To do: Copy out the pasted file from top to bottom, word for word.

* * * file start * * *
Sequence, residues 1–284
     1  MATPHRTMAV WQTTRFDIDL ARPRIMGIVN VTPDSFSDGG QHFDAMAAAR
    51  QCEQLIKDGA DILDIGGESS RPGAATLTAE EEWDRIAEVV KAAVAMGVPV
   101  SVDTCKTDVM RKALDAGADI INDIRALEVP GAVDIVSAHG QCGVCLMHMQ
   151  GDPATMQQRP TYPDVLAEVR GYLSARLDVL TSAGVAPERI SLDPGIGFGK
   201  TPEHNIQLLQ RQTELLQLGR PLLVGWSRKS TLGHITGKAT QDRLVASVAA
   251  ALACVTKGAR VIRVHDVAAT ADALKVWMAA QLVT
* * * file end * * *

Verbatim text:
Sequence, residues 1–284
     1  MATPHRTMAV WQTTRFDIDL ARPRIMGIVN VTPDSFSDGG QHFDAMAAAR
    51  QCEQLIKDGA DILDIGGESS RPGAATLTAE EEWDRIAEVV KAAVAMGVPV
   101  SVDTCKTDVM RKALDAGADI INDIRALEVP GAVDIVSAHG QCGVCLMHMQ
   151  GDPATMQQRP TYPDVLAEVR GYLSARLDVL TSAGVAPERI SLDPGIGFGK
   201  TPEHNIQLLQ RQTELLQLGR PLLVGWSRKS TLGHITGKAT QDRLVASVAA
   251  ALACVTKGAR VIRVHDVAAT ADALKVWMAA QLVT